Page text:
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McCaskill opposes major changes to senior programs

JEFFERSON CITY, Mo. (AP) — U.S. Sen. Claire McCaskill said Wednesday that controlling costs should not mean dramatic changes to Social Security and Medicare.

The Missouri Democrat endorsed more financial means testing for Medicare and efforts to create incentives to control costs. She also suggested levying taxes for Social Security on a greater portion of wealthier people’s income.

Right now, taxes for Social Security are charged on the first $110,100 of earned income. McCaskill supports levying the taxes on the entire income of those earning at least $250,000 and argues the additional revenue would help shore up the program’s financial footing.

“If we would raise that cap slightly, you get enough additional revenue into the system that it makes the program sound for another 75 years without tinkering with the age of retirement or the size of the benefit,” she said.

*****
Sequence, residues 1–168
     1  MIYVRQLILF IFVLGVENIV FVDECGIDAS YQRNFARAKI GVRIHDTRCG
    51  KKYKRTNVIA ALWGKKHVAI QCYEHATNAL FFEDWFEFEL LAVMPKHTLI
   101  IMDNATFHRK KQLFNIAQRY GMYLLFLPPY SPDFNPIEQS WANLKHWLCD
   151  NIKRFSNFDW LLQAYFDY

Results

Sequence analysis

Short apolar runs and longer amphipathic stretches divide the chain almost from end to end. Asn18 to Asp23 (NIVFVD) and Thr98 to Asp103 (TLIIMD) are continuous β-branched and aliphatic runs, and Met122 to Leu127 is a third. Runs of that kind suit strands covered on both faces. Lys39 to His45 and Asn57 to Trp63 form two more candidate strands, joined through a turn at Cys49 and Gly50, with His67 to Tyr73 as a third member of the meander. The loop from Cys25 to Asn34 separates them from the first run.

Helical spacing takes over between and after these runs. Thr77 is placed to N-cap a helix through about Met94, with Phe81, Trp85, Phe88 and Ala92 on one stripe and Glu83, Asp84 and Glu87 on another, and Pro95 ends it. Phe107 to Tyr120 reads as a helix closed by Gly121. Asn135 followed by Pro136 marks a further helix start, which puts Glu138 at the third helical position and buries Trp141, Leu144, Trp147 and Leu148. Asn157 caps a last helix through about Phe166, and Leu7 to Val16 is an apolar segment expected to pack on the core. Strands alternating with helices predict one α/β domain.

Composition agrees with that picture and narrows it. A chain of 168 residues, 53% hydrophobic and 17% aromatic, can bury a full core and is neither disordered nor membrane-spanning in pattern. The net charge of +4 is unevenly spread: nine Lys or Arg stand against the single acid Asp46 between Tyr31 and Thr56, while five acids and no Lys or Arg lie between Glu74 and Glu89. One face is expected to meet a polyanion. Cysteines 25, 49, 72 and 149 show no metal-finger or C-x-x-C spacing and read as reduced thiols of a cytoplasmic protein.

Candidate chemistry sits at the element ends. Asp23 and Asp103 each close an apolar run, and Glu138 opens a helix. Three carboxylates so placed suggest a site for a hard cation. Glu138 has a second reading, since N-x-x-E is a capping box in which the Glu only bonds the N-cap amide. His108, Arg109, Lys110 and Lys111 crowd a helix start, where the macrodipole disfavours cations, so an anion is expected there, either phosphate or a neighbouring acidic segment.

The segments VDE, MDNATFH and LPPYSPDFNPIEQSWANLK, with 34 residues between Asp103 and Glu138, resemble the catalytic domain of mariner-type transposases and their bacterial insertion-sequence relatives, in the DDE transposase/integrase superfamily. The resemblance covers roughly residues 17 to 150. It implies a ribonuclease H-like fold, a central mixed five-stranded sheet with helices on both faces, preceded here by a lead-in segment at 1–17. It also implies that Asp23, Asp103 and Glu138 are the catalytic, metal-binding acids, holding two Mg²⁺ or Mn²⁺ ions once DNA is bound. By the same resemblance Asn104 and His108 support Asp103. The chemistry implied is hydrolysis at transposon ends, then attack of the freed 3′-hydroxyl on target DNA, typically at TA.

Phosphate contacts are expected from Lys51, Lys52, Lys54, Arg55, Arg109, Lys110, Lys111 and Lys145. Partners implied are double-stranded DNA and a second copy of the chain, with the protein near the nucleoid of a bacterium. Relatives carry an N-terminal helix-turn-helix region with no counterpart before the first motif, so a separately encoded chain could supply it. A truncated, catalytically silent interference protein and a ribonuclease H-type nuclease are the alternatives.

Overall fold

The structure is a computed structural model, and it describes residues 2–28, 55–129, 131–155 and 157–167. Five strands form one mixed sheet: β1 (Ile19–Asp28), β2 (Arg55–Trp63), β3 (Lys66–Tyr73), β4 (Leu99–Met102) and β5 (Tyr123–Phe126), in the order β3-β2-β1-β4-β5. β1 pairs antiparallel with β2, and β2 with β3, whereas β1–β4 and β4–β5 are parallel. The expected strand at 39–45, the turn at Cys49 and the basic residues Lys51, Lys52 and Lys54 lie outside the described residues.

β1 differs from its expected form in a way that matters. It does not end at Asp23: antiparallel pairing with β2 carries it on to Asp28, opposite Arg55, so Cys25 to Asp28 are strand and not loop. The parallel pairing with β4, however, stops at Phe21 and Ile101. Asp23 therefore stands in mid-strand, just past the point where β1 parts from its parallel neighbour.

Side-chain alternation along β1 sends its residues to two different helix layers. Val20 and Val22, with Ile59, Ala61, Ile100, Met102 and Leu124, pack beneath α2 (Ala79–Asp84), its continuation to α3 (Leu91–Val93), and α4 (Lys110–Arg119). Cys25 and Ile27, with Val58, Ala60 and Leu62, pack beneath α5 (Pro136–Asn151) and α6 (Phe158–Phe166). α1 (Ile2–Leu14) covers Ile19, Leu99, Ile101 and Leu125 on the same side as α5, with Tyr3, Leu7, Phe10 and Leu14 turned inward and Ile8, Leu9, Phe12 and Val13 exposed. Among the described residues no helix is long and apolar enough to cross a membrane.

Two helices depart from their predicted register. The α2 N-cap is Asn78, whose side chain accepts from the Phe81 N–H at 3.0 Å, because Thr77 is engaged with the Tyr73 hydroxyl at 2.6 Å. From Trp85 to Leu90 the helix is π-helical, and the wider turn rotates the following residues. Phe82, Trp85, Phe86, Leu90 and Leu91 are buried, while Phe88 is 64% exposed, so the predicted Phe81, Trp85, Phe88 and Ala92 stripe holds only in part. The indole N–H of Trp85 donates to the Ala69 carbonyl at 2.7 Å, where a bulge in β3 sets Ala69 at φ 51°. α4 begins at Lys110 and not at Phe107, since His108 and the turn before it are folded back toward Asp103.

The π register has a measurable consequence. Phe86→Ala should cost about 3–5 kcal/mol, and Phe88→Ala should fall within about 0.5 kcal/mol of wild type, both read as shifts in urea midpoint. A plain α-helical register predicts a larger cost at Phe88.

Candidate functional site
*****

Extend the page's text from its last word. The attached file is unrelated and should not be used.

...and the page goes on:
McCaskill contrasted her approach to Social Security and Medicare with that of Republican opponent, Congressman Todd Akin. During a conference call with reporters Wednesday, McCaskill charged that Akin wants to privatize Social Security and turn Medicare into a program offering vouchers for private insurance coverage.

Akin, who represents a suburban St. Louis congressional district, previously said he supports vouchers for Medicare but does not want to privatize the program. On Social Security, Akin has said the retirement age could be raised and he supports consideration for letting people invest in 401k-style plans.

A spokesman for Akin’s campaign did not immediately respond to messages Wednesday.

Meanwhile, McCaskill and Akin have agreed to debate the evening of Oct. 18 at Clayton High School.

The debate is being sponsored by the Clayton Chamber of Commerce and hosted by television station KSDK, public radio station KWMU and the St. Louis Business Journal.

McCaskill and Akin also are to participate in a debate Friday in Columbia sponsored by the Missouri Press Association.

Details are still being negotiated for other potential debates in Kansas City and Springfield.

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